Some of the very first inventions that simulated movement by tricking our eyes.
Although this may come as a surprise to some, the animation industry was once a field dominated by mathematicians and physicists. Rather than attracting purely creative minds, logical brains developed these innovative contraptions – with many basing their research on the work of Michael Faraday and Sir Isaac Newton. The goal of these scientists and inventors was to create the illusion of motion, and they accomplished this goal in intelligent ways. All of their apparatus took advantage of the limits of the human eye, which takes about one-hundredth of a second to process a single image. If we see more than one image in that time, then to us, they seem to blend together with no interruptions. And it was this knowledge, and how to make use of it, which gave rise to the field of animation. By producing a collection of images that slightly differed from each other, and showing them to the human eye in quick succession, the image would appear to come alive and move. And to accomplish this, the inventors took advantage of spinning objects to whirl the images in front of our eyes. Some of these were more complex than others, but they were all based on the same principle. Today, children still make use of a similar toy – the flipbook. We’ve probably all flicked through the pages of one before, and seen a cheetah or a car dash across the pages, and it’s interesting to think that very similar toys were being played with almost 200 years ago.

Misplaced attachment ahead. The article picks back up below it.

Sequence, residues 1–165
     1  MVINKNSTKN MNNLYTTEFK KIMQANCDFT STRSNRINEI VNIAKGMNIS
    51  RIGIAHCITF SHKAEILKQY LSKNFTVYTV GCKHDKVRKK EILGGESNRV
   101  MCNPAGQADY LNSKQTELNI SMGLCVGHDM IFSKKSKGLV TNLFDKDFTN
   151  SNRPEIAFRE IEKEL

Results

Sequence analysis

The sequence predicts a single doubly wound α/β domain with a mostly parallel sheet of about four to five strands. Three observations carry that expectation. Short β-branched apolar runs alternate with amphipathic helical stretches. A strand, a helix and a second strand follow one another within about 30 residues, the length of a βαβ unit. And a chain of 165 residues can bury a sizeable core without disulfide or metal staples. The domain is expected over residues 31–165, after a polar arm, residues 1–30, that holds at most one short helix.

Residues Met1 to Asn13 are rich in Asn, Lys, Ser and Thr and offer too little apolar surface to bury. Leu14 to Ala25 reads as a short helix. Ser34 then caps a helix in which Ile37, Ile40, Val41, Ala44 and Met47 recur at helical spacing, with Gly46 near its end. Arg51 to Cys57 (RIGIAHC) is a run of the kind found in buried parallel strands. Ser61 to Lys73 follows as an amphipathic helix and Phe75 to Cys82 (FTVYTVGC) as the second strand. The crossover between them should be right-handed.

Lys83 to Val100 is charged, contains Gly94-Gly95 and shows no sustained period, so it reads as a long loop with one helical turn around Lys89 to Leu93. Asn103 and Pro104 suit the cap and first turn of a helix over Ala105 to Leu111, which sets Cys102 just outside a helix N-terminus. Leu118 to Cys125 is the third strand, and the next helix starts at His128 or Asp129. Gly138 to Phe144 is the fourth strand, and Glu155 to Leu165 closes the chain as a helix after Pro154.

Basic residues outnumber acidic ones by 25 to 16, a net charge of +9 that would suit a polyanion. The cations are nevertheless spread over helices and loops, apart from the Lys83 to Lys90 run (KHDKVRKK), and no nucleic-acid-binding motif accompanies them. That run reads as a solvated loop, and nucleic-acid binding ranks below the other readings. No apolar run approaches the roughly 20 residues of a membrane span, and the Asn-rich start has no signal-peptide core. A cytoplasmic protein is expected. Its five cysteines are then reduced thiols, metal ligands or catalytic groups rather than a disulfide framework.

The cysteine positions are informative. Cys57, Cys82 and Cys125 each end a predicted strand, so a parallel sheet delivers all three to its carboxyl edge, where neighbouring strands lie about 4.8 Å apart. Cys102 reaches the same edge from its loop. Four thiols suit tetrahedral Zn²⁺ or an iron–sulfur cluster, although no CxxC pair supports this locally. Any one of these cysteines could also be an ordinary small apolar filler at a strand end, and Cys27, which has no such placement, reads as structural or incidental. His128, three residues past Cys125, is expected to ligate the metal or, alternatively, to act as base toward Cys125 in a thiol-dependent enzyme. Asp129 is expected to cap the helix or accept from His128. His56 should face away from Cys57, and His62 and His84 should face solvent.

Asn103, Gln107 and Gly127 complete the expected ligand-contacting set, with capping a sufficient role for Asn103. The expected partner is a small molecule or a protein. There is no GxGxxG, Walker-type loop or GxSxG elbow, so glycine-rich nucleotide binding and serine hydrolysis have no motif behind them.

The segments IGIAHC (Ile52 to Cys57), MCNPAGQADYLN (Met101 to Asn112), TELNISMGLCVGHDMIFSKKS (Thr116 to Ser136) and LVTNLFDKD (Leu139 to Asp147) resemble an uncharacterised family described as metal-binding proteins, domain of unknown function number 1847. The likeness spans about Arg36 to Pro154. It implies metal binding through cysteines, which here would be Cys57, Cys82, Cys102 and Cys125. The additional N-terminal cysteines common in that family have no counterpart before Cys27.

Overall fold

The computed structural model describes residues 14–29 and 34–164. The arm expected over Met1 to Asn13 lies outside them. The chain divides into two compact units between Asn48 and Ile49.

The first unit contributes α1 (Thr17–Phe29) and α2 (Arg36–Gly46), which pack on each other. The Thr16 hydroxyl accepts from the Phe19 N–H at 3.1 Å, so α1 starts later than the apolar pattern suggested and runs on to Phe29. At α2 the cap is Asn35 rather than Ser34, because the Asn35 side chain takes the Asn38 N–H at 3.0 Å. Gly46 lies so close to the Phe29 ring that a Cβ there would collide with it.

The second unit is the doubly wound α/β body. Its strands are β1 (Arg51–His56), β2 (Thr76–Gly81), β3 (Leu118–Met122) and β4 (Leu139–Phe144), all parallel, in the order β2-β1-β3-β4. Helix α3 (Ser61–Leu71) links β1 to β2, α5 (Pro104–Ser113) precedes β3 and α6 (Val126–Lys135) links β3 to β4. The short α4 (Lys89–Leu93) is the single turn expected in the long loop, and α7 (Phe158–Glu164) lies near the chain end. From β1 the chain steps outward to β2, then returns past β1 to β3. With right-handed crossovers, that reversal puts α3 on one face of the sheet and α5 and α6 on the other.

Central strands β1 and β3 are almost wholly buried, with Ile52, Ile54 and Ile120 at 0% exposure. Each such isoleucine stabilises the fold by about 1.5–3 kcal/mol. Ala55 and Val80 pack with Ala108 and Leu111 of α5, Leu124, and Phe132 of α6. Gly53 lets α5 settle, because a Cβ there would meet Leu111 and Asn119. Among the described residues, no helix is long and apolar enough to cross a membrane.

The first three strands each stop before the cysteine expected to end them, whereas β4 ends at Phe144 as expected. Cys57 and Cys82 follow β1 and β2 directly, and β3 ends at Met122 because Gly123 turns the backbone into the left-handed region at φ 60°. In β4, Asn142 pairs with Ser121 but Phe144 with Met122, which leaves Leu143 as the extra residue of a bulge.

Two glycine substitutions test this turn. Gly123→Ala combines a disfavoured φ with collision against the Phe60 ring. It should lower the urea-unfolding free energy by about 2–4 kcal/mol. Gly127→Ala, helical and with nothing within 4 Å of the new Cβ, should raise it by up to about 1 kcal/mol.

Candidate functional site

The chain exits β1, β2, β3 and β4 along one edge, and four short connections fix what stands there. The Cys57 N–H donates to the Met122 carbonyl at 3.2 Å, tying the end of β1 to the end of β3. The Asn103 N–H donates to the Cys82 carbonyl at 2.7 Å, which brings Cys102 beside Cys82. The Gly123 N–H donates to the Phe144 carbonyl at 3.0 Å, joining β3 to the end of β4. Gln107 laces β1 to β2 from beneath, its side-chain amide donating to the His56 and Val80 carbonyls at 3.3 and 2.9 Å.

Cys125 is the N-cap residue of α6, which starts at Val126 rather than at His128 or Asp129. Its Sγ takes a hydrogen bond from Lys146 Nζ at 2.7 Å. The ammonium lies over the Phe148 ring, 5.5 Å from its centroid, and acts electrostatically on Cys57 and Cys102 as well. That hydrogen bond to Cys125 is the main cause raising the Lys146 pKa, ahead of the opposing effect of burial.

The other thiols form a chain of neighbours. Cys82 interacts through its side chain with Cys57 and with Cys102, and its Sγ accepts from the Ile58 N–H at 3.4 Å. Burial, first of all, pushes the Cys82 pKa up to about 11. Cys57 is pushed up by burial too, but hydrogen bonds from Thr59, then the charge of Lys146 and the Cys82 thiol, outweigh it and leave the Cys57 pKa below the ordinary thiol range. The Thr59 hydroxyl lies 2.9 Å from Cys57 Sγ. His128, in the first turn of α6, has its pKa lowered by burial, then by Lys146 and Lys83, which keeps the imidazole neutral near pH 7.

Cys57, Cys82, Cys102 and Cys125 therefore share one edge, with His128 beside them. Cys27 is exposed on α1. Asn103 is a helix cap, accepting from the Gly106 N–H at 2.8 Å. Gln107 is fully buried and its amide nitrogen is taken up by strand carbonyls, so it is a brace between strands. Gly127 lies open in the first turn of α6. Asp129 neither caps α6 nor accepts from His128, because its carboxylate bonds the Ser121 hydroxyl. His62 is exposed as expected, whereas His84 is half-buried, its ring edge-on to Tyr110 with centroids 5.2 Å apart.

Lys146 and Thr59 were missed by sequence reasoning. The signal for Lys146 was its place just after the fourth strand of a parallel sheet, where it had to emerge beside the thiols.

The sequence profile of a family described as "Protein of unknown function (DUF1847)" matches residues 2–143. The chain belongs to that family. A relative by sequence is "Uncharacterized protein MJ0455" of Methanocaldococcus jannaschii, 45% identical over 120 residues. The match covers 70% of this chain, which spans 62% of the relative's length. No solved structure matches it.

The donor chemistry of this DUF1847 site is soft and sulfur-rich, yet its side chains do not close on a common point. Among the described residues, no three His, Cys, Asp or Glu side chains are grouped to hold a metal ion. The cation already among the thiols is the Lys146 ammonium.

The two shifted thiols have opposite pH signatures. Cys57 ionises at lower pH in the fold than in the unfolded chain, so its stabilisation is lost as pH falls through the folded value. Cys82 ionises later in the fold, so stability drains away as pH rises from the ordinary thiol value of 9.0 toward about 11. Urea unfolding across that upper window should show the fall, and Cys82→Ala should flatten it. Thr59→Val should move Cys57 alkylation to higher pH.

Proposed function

This early invention worked by coating a spinning disk with a series of drawings depicting different phases of movement. Another disk with equally spaced slots around its axis and a handle would then be added. The user could spin the disk while facing a mirror, and by looking through the slits they would see the pictures blend into a seemingly moving image.
A simple disk or piece of card was attached to two pieces of string, and on the front and reverse of the disk, two different images were drawn. Twirling the card quickly by rolling the string in your fingers would make the images appear to merge together.
The praxinoscope was invented in 1876. A series if stationary mirrors were attached to a central cylinder and these were used to reflect images that had been painted on the inside of a larger cylinder revolving around them. This meant that multiple onlookers could enjoy the ‘moving picture’ in the centre.
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